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Pernambuquês – Preparing to Visit Pernambuco Posted by on May 10, 2010 in Culture, Vocabulary

After getting pretty good feedback on my How to Speak Baianês post, and seeing we also have a Mineirês post, I thought I’d write slang/dialect posts here and there so we can all learn to be ready no matter what region we visit!

This week I started at a new job and two of my coworkers are from Pernambuco, a state in the northeast region of Brazil, and Pernambucanos have great accents that are as phonetic as you’ll get with Brazilian portuguese.  At lunch one day with them, they were teaching me a couple of different things they say that are completely different from Paulistanos, or the rest of Brazil, for that matter.  For example, the word escroto to me means something sketchy or someone who’s kind of a jerk.   In Pernambuco, it means “funny,” as in, “You know what’s funny?” In Pernambuco they’d say, “Sabe uma coisa escrota?

So I took some of their lessons, uploaded a Lenine (artist from Pernambuco) video for you to listen to here, and found a Pernambuquês Dictonary to share with you all!

The order goes pernambuquêsportuguês, English, got it?

Galalau, Pessoa Alta, Tall person

Cotôco, Resto, Leftover

Massa, Bom/Legal, Cool or Awesome

Peba, Ruim, Bad/Boring

Mangar, Rir dos outros, Laugh at others

Gazear, Faltar aula, Skip class

Xôxo, Pequeno e magro, Someone who’s small and thin

Leso, Bobo, Someone who’s silly

Frouxo, Medroso, Someone who’s scared  of everything

Invocado, Estar com raiva, To be angry

Vou chegar, Estou indo embora/Vou sair, I’m leaving

Liso, Sem dinheiro, Broke (without  money)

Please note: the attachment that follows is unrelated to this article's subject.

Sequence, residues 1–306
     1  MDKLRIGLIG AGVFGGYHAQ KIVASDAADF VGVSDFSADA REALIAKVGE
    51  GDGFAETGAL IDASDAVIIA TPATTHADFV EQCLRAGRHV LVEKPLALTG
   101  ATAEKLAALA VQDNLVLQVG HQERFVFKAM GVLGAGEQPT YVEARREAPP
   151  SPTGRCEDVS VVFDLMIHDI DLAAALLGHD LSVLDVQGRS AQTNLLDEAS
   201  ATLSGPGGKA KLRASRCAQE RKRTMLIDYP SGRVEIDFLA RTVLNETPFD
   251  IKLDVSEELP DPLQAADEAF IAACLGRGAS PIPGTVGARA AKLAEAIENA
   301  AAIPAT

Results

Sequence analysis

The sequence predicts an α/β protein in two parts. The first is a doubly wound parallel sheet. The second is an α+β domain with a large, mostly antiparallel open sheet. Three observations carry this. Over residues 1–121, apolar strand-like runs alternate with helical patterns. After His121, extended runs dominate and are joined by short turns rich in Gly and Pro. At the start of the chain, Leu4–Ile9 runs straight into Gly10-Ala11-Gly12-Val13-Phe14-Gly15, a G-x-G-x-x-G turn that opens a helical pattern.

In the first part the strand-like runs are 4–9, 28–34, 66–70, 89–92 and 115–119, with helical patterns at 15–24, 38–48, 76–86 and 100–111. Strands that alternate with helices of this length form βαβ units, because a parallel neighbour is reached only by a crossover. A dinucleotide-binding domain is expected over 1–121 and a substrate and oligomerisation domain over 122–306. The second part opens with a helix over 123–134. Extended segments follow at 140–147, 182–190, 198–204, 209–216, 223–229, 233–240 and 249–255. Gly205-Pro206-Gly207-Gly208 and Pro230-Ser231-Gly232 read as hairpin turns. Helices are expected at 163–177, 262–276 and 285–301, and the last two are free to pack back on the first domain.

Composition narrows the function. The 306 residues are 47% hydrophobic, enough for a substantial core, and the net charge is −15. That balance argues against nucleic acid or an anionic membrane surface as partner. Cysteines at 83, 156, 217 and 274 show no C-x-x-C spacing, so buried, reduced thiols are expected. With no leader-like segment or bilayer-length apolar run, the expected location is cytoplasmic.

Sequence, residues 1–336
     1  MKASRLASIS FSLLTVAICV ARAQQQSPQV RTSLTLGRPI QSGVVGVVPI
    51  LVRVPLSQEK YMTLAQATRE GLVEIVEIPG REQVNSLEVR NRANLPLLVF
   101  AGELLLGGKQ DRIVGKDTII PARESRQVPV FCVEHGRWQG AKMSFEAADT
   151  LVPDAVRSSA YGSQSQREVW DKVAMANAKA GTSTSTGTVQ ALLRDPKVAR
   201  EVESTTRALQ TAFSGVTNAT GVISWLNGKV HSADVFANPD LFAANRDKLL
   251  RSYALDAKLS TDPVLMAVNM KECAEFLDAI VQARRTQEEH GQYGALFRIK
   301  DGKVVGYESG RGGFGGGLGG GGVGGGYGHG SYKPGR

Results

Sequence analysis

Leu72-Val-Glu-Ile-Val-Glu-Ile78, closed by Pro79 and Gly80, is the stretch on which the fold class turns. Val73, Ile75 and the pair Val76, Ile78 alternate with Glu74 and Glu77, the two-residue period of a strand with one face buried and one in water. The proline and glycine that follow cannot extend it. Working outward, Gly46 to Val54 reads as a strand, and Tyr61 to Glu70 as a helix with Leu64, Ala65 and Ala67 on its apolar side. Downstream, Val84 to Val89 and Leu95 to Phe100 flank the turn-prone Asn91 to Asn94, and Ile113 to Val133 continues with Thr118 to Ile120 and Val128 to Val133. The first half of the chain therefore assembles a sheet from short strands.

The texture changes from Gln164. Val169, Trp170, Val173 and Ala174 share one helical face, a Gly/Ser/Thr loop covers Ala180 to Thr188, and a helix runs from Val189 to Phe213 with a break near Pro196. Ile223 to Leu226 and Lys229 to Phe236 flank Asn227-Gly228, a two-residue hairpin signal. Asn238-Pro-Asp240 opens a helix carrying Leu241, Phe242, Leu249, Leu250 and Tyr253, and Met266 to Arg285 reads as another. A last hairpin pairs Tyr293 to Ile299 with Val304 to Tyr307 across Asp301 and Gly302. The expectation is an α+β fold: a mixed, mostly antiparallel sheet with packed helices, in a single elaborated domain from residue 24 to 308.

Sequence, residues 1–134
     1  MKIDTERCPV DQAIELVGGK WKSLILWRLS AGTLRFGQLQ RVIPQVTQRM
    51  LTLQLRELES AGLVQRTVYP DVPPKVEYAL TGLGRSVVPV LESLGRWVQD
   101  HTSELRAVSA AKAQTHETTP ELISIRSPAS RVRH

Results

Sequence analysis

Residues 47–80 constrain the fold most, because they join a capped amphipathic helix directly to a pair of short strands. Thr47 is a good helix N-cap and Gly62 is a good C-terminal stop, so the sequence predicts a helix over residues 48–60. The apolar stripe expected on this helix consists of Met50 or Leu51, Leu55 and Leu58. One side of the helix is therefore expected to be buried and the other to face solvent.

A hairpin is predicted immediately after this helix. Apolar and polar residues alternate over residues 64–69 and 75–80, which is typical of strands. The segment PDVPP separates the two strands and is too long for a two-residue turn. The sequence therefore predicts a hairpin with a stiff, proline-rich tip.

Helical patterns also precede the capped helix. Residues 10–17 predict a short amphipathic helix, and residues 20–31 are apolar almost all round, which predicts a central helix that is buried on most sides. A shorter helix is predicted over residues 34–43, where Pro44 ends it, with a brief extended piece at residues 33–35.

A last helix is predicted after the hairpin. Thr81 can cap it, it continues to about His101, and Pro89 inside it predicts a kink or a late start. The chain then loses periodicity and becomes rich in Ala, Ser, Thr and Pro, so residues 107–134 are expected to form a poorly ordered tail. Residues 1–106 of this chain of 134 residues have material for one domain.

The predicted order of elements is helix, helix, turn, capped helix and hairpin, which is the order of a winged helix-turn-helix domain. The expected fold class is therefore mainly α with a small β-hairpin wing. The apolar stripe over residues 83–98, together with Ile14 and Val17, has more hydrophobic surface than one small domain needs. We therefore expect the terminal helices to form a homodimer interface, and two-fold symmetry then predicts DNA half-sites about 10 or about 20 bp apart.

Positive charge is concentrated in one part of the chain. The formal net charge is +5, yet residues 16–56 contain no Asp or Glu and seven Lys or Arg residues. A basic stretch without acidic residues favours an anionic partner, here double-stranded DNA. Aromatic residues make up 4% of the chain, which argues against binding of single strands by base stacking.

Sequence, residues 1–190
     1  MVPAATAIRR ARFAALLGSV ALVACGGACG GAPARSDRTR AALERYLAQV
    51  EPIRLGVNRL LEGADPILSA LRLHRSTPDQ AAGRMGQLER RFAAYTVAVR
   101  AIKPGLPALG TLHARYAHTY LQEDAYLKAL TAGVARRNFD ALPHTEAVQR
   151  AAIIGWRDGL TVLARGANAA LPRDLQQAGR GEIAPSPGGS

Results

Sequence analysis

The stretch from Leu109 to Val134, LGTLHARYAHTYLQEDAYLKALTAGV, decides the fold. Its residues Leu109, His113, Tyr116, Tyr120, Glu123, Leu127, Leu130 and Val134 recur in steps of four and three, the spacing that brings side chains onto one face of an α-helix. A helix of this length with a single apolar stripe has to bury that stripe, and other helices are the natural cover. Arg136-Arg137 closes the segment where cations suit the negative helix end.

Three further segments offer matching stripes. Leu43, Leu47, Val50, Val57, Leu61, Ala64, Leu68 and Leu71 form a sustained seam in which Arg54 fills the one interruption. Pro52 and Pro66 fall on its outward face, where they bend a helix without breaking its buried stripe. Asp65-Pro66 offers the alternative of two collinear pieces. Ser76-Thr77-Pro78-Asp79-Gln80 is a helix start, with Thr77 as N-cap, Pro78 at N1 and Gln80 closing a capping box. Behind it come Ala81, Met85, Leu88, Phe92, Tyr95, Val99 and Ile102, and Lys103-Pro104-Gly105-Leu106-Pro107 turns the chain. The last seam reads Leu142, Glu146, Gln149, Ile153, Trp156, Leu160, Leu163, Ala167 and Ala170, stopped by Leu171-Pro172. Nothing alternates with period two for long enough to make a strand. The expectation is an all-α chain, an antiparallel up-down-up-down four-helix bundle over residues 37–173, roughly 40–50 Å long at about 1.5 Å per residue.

Boyzinha, Moça nova, Young girl

Muriçoca, Pernilongo, Mosquito

Borocoxô, Pessoa triste, Someone who’s sad

Iapôis, É mesmo, “Oh yeah!” (As in, I agree, or I hadn’t thought of that)

Fuxico, Fofoca, Gossip

Notice that in Pernambuco, they use a lot of “ô” in their vocabulary, so get ready to pronounce your “oh” sounds 🙂

Now you’re ready for a trip to Recife, Olinda, or any of Pernambuco’s other gorgeous towns with your newly learned gírias!

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Comments:

  1. Jeanne:

    I have a few more:

    aperrear: atormentar, “encher o saco” de alguém
    bulir: mexer com alguém
    cabra da peste ou cabra da mulesta: alguém valente, perigoso, forte
    macaxeira ou aipim: mandioca

  2. polyana:

    haha, thanks jeanne!!

    my friend also reminded me of “arretado,” as in “great/fun”, “this party is great,” or, “essa festa está arretada!” 🙂

    and i love saying macaxeira!

  3. Cirilo Veloso Moraes:

    Tks for sharing my post about “Pernambuquês”.

    If you need more about “Pernambuco”, ask me.

    Spread the culture of my state is always a pleasure.

    See you.